Choral works are linked to recordings if available. Hover over titles to check.

Beni Swa Leternel

  • SSA with piano
  • available from the composer
  • grade 3
  • 2:00

Beni Swa Leternel was composed in March of 2010 at the request of Johnny Matlock, conductor of the (Kennedy Middle School/Felten Middle School) Singing Irish Falcons. The text is scored for SSA choir and combines Creole and English in a driving7/8 meter. While 7/8 is normally not found in music for young voices, the relatively simple patterns make the rhythms easily accessible for the singers. The more complex harmonies are confined to the piano accompaniment.

In Our Time

  • SATB with Wind Ensemble
  • Grade 5
  • 13:00

In Our Time was composed as type of retrospective cantata on the fifteenth anniversary of the September 11, 2001 tragedy. Each of the movements may be performed separately, but it is preferable to do them as a set.

When performed as a whole, each movement is prefaced with the spoken words, “in our time,”articulated by the choir in a mood reflective of the movement to follow. The conductor may cue the entire ensemble at once or may stagger the entrances in any way desired (left to right, center outward, etc.), but there is to be no attempt to coordinate the speech patterns together.

When performing the work with the Wind Ensemble parts, the band members may be included in the speaking parts.

I. Why Do the Nations Rage?

This movement is intended to convey anger with the behavior of the human race in a global sense. It is almost as if the speaker(s) of the text were asking, “what are you thinking?”

II. There Will Come Soft Rains

The poetry here speaks of a cataclysmic event (or is it?) in a subdued and sometimes subtle manner.

III. Last Night As I Was Sleeping

The text presents a speaker coming to the realization that individuals, with God’s help, can truly make a difference.

This movement was originally composed as a stand-alone work for Johnny Matlock and the Hays High School Chamber Singers. It seemed to fit perfectly in this larger piece, both musically and textually, conveying a sense of hope in our individual power. The present version has been pitched down a half-step from the original to better accommodate the keys of the Wind Ensemble instrumentation.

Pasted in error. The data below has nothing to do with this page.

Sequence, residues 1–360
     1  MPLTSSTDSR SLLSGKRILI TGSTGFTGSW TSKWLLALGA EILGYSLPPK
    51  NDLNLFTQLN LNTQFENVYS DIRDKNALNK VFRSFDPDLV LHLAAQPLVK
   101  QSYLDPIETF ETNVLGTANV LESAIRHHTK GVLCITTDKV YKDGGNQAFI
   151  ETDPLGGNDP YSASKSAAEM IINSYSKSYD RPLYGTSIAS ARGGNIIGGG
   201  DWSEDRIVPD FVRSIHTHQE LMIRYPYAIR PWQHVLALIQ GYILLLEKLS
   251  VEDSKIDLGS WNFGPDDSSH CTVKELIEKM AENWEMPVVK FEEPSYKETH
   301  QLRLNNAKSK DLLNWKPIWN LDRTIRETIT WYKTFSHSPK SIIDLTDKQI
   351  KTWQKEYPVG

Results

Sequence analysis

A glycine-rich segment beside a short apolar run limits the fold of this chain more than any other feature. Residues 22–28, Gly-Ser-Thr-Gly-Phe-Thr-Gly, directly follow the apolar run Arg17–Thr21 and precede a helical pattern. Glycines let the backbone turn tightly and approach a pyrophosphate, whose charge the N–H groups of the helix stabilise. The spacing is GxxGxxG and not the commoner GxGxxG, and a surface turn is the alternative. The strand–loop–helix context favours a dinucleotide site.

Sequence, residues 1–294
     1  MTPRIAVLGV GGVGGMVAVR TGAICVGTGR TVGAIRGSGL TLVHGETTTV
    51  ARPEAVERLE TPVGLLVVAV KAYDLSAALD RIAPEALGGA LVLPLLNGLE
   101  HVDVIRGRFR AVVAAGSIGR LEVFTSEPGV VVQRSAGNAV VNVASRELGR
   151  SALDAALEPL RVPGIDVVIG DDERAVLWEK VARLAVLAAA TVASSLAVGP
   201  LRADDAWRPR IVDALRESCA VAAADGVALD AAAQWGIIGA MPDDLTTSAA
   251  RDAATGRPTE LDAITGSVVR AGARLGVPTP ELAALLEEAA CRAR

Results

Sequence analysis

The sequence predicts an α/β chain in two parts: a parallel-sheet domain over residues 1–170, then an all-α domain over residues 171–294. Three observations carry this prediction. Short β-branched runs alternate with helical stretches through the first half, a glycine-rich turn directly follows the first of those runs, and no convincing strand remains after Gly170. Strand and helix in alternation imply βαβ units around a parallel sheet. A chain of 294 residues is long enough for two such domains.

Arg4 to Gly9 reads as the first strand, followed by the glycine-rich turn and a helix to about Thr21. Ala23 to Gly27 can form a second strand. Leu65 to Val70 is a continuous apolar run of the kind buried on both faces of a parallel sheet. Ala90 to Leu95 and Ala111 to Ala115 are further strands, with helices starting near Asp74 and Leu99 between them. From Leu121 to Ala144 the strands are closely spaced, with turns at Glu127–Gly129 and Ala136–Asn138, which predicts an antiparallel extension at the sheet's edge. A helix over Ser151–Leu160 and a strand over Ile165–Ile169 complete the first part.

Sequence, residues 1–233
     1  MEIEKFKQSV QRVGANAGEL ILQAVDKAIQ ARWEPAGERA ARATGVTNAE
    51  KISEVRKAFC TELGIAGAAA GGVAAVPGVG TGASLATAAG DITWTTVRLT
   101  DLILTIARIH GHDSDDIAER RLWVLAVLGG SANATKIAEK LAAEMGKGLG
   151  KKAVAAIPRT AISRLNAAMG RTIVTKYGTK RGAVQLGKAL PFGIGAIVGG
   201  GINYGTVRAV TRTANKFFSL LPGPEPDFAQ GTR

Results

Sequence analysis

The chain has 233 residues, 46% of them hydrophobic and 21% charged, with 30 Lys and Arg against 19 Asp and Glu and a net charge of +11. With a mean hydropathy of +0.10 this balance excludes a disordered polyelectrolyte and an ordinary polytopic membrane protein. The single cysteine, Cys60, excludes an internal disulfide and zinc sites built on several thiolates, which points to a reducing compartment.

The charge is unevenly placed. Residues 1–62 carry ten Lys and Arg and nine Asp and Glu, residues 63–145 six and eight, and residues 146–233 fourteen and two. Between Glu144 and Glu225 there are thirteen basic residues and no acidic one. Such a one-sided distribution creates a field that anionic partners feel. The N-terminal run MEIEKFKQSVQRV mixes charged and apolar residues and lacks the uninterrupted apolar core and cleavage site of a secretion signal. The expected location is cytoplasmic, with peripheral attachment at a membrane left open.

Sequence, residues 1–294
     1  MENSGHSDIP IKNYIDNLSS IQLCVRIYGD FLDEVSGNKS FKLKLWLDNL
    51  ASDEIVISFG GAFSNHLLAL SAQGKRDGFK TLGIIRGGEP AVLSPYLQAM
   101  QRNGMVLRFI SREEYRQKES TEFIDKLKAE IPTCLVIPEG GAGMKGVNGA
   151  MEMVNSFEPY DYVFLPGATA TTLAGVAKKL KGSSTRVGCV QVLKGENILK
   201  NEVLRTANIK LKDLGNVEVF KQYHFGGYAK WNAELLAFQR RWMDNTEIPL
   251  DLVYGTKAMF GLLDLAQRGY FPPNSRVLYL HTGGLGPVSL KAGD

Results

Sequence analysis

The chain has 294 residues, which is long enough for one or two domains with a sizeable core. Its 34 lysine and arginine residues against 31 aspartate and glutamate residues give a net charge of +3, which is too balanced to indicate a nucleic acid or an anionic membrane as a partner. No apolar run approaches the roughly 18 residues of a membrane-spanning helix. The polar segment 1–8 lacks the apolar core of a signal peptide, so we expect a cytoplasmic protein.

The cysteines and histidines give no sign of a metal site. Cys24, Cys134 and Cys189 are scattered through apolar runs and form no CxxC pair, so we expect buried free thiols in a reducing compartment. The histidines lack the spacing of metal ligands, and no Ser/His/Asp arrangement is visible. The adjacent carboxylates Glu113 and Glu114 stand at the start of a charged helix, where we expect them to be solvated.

IV. Ubi Caritas

When I visited the September 11th memorial in New York City, I has the opportunity to also visit St. Paul’s Chapel across the street. One of the oldest churches in the United States, it sustained virtually no damaged during the attacks and served as for several months as a place of refuge for those workers attempting to clean up the devastation nearby. Food, beds and other comforts of home were provided by the people of the church, a reminder that the human race can, like the individual speaker of Movement III make a collective difference in the betterment of our world. The prelude should convey a sense of confirmation and peace through tone, text emphasis and subdued dynamic levels.

Last Night as I was Sleeping

  • SATB with piano
  • available from the composer
  • grade 4
  • 3:16

A few years back, Johnny Matlock, my friend and also my daughter’s choral director, suggested that I write a piece for children’s choir, a medium I knew absolutely nothing about. However, I was intrigued by the idea and when my wife found an engaging text in a mixture of Haitian and English, I quickly put together Beni Swa l’eternel and surprised him with it. A few years later, when his high school choir was slated to perform in Carnegie Hall, Johnny again wondered if I would write a new work. We tossed around a number of ideas for a text including the Psalms, quotes on the arts and even a proposed original work by a student. None of these caught our imagination until I discovered a poem by the Spanish composer Antonio Machado (1875-1939) entitled “Last Night As I Was Sleeping.” The work’s vivid, colorful and deeply inspiring text seemed to make the piece almost write itself and while the group was unable to perform it at Carnegie Hall for logistical reasons, Johnny gave a wonderful premiere in the fall of 2014.

Psalms, Praises and Gifts

  • SATB with piano and four part flexible instrumental accompaniment (cued in piano)
  • available from the composer
  • grade 4
  • 6:10